MARCH: Bronze age site discovery adds more substance to the town's history
PUBLISHED: 10:04 02 January 2009 | UPDATED: 11:45 29 April 2010
THE recent discovery of a 4,000 year old site at March adds more substance to the town s history. Then it had no name and over the centuries development took place along the boundary line between two ancient kingdoms, hence the name Merc (Anglo-Saxon) me
THE recent discovery of a 4,000 year old site at March adds more substance to the town's history.
Then it had no name and over the centuries development took place along the boundary line between two ancient kingdoms, hence the name Merc (Anglo-Saxon) meaning boundary.
More than 30 Romano British sites have been discovered at March and within a five mile radius of the town, artefacts for instance brought to light on the site of Davenwear shop in High Street.
In the 18th century a large cache of Roman0-British coins were found in Robingoodfellows Lane, March.
At Flaggrass Hill, north of Creek Road, several artefacts proved that a community existed there in Roman times. A human Romano-British skeleton was discovered when developing Berryfields housing estate.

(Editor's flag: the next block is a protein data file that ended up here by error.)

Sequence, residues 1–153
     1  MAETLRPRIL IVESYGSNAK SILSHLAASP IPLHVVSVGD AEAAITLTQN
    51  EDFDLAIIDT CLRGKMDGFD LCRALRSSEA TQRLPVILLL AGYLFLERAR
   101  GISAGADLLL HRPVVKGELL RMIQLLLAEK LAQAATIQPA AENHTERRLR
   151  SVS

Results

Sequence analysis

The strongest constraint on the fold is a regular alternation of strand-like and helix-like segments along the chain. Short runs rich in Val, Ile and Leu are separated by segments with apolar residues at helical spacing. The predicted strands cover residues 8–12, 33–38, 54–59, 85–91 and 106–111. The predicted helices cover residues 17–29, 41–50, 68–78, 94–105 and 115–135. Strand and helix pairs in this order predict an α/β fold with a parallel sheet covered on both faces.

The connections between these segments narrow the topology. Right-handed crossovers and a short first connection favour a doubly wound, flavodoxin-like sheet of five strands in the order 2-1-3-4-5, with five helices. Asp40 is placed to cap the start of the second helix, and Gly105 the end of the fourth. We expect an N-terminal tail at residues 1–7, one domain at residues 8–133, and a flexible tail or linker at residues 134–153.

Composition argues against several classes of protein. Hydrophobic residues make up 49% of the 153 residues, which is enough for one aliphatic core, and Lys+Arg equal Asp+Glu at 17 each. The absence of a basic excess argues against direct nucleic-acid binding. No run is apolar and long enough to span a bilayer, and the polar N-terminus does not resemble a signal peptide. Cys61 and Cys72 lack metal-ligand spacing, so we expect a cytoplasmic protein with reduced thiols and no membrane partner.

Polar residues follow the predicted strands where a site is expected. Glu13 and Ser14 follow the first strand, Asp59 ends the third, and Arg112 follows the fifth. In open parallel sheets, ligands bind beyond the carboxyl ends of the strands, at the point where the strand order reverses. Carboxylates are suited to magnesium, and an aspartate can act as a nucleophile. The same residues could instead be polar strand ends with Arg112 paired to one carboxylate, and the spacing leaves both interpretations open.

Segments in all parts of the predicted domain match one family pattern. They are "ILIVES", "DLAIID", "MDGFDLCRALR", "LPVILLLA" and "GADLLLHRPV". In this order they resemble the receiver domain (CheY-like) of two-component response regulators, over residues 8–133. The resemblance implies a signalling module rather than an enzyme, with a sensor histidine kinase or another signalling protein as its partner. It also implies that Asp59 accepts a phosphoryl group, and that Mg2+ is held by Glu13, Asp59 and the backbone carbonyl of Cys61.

Further east at Grandford, a small settlement came to light with what appeared to be a small fortification guarding the ancient Fen Causeway, a Romano-British military/commercial road linking Peterborough with the Peddars Way and Brancaster in Norfolk.
The remains of several babies were found at Grandford. They are thought to have died from a severe disease about 2,000 years ago.
March has retained its name from at least the 7th century when it was put on the map by Wendreda, the town's unique saint.
It is thought this woman, a healer and wise counsellor, introduced or re-introduced the Christian faith to March.
She was famously known for her virtuous ways and the translation of her mortal remains to Ely was attended by royalty and high ranking nobles.
Certainly the town has a fascinating and important history. What else remains to be found?
St Peter's Road
If you value what this story gives you, please consider supporting the Wisbech Standard. Click the link in the orange box above for details.